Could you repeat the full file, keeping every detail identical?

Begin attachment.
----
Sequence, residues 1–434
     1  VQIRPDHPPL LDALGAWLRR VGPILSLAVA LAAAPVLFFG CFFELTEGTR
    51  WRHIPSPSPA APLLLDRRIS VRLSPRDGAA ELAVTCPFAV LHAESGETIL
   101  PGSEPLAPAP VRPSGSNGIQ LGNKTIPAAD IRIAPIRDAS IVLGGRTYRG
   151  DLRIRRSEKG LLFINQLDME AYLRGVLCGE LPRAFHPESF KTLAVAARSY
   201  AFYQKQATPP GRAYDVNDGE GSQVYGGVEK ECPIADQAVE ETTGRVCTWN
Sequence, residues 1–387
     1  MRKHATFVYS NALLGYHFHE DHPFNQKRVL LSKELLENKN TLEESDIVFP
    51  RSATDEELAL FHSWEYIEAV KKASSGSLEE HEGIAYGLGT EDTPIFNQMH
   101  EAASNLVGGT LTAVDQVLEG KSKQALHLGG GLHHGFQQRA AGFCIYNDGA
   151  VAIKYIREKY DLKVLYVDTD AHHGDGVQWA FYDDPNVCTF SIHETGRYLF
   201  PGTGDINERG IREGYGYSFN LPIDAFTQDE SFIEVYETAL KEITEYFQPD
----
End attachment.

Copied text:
Sequence, residues 1–434
     1  VQIRPDHPPL LDALGAWLRR VGPILSLAVA LAAAPVLFFG CFFELTEGTR
    51  WRHIPSPSPA APLLLDRRIS VRLSPRDGAA ELAVTCPFAV LHAESGETIL
   101  PGSEPLAPAP VRPSGSNGIQ LGNKTIPAAD IRIAPIRDAS IVLGGRTYRG
   151  DLRIRRSEKG LLFINQLDME AYLRGVLCGE LPRAFHPESF KTLAVAARSY
   201  AFYQKQATPP GRAYDVNDGE GSQVYGGVEK ECPIADQAVE ETTGRVCTWN
Sequence, residues 1–387
     1  MRKHATFVYS NALLGYHFHE DHPFNQKRVL LSKELLENKN TLEESDIVFP
    51  RSATDEELAL FHSWEYIEAV KKASSGSLEE HEGIAYGLGT EDTPIFNQMH
   101  EAASNLVGGT LTAVDQVLEG KSKQALHLGG GLHHGFQQRA AGFCIYNDGA
   151  VAIKYIREKY DLKVLYVDTD AHHGDGVQWA FYDDPNVCTF SIHETGRYLF
   201  PGTGDINERG IREGYGYSFN LPIDAFTQDE SFIEVYETAL KEITEYFQPD